Tomorrow's Business Today
Jeremy Hunt's five-billion pound headache
In an episode of the West Wing, the president’s advisers are alarmed at the size of the budget surplus the government has built up.
Thirty billion dollars sounds like a lot.
There will be calls for tax cuts and other things that are politically inconvenient for the Democrats. What to do?
The official forecasts for the surplus are cut, showing that America is not as rich as the White House feared. Fist-bumps all around.
I wonder if Jeremy Hunt has seen this show.
Today the ONS handed him a clear political problem: the government ran a surprise surplus of £5.4 billion for January. Government makes profit, shock.
This is an irritant to the Chancellor and his boss, since both are insisting there’s no money in the coffers, certainly not to pay striking teachers, doctors, train drivers, nurses, ambulance drivers and physiotherapists (I’m aching already).
Unions might say: there’s £5bn right there! Start with that…
If Labour were cute, which it isn’t, it could use this as an opportunity to start a national debate, a teach-in, about what government money is, and where it comes from.
They could get Hunt to say the surplus doesn’t really exist. He doesn’t have £5 billion sitting in a bank account to distribute.
Aha, so that’s true of deficits also, isn’t it, Sir Keir could say.
It’s not money we owe immediately, or even ever. Same as the interest payments on the debt you keep banging on about.
(Interest payments on government debt are scheduled over decades, but recorded immediately. The money mostly just comes back to us anyway.)
For decades, the Tories have run the narrative that the nation’s finances are a giant credit card, which we have maxed out. (If any maxing was done, they did it.)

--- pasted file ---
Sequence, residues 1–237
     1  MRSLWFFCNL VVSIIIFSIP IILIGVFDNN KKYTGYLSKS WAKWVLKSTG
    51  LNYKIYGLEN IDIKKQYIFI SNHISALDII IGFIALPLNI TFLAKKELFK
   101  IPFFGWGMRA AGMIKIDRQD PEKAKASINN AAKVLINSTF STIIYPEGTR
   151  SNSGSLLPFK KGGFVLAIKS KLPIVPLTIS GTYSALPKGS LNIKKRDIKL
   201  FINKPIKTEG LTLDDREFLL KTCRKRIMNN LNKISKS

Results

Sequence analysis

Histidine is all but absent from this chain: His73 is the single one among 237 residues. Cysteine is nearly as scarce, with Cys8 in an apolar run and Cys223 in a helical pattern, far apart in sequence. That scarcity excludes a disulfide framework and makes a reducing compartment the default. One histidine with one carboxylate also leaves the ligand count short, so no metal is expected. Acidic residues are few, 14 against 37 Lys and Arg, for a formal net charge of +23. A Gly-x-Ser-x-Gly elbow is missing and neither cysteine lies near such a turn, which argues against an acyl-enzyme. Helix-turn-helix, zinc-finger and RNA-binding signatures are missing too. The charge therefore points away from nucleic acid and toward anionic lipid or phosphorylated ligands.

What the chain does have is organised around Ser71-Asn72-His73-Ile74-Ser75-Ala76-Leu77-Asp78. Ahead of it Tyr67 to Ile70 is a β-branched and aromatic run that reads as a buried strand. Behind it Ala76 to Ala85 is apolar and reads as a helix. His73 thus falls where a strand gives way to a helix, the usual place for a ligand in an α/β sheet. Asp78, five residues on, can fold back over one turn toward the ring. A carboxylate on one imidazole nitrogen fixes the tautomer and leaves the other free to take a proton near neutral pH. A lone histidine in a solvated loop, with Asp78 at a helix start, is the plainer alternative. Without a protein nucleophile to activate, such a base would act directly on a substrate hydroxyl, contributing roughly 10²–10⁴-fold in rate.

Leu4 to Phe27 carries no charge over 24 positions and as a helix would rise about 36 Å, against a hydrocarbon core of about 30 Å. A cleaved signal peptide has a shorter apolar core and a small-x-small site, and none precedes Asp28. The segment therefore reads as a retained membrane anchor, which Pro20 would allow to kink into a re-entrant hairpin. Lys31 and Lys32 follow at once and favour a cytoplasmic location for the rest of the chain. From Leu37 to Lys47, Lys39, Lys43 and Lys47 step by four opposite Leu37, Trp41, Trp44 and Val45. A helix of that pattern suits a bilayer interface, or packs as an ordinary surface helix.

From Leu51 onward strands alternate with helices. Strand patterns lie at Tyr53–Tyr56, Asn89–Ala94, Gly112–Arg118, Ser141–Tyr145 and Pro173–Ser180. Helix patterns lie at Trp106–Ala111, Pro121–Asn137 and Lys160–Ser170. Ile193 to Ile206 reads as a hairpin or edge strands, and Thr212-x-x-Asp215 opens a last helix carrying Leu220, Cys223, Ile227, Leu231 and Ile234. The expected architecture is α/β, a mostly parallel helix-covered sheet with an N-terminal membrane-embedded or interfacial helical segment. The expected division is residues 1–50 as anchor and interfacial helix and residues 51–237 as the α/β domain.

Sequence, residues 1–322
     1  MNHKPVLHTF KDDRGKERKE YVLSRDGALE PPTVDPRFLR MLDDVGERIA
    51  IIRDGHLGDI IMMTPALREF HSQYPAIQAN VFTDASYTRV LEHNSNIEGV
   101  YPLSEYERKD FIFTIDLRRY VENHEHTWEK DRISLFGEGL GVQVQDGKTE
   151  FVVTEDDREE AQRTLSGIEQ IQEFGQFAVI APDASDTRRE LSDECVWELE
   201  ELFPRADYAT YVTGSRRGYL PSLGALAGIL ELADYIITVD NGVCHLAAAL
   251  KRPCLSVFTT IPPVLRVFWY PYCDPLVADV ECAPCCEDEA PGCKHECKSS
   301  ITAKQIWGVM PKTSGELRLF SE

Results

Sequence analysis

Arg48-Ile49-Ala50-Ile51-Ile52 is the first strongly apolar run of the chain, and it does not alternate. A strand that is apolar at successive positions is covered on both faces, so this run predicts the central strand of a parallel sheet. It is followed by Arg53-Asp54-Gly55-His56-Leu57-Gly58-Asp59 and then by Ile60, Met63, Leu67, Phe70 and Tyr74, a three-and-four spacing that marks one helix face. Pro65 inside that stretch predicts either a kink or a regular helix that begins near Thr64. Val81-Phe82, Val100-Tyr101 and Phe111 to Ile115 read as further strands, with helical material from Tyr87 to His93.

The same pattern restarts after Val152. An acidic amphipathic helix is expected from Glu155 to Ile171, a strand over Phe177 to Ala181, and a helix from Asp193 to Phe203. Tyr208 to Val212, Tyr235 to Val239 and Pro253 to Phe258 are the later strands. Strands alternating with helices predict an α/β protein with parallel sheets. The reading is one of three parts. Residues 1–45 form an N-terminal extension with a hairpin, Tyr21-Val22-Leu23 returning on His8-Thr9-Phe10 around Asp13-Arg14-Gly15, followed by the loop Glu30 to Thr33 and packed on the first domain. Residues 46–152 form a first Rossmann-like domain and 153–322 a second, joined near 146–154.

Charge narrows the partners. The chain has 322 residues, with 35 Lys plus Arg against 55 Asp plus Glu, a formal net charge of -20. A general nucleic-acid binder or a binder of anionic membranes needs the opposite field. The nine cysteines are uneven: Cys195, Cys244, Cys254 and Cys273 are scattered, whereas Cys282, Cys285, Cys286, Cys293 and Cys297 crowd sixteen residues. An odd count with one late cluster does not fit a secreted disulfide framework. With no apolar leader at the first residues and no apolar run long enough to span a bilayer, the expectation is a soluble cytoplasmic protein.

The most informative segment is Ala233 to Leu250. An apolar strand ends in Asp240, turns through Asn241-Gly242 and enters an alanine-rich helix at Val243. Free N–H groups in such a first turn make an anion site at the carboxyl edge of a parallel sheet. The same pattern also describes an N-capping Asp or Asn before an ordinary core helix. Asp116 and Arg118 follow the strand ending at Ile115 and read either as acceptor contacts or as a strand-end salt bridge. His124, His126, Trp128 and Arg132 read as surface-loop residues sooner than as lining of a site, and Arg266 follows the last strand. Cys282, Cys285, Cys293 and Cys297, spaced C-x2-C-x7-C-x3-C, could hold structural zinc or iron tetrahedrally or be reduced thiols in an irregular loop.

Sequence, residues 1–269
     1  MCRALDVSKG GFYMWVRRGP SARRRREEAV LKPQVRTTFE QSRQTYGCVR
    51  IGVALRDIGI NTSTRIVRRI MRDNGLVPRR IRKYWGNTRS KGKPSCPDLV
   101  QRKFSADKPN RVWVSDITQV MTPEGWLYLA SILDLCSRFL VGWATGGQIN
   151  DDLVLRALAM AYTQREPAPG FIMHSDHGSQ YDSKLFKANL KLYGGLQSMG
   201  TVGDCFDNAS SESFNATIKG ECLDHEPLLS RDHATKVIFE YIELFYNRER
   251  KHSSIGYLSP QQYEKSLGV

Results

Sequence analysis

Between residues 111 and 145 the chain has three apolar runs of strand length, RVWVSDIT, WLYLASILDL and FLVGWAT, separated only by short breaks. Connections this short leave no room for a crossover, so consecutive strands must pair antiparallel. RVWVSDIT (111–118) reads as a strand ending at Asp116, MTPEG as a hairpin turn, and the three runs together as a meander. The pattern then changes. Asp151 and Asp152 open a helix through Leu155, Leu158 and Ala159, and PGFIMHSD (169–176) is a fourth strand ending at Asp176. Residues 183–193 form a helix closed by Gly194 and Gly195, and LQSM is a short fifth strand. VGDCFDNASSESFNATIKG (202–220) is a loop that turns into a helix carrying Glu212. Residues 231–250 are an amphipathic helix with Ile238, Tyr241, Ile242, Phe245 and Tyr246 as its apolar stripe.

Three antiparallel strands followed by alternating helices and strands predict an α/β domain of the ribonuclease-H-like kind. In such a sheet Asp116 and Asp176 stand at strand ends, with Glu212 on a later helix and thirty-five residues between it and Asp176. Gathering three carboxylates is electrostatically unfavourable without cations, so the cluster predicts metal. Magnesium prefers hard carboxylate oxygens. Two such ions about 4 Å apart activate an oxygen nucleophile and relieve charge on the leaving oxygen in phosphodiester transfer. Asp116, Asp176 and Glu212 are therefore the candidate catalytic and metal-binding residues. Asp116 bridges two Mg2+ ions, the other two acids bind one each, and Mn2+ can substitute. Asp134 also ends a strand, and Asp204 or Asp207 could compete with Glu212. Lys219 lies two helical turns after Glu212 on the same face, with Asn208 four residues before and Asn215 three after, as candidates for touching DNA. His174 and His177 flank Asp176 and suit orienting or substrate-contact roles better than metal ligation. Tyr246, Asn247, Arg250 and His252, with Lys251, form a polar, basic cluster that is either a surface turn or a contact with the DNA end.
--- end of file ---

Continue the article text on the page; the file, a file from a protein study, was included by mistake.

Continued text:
Labour falls into line, and finds itself talking about paying down debts and deficits they themselves had nothing to do with running up in the first place, since they weren’t in office.
Now would be a great time to challenge that narrative, to explain why government debt is nothing like a credit card. It’s a mortgage, maybe, one we will never pay off and shouldn’t try to.
That’s the PR battle that would allow them to win all the others.
That they won’t do it, won’t even try, really, really pisses me off.
Press release of the day
Dwayne “The Rock” Johnson can earn £828,000 per sponsored Instagram post, says this from Wrestling World.
That’s not intended to be a business story, but I’m wondering if it should be.
More than £800k for one post?
How much would I get for one of mine?
Stories that will keep rolling
1) Is Charlie Nunn’s plan to target the “mass affluent” really going to work for Lloyds Bank?
2) How far down is Rio Tinto’s dividend? What happens if iron ore prices keep falling?
3) Is Royal Mail boss Simon Thompson doing any better before MPs than he did last time?
4) What do the Fed minutes suggest the next rate rise will be?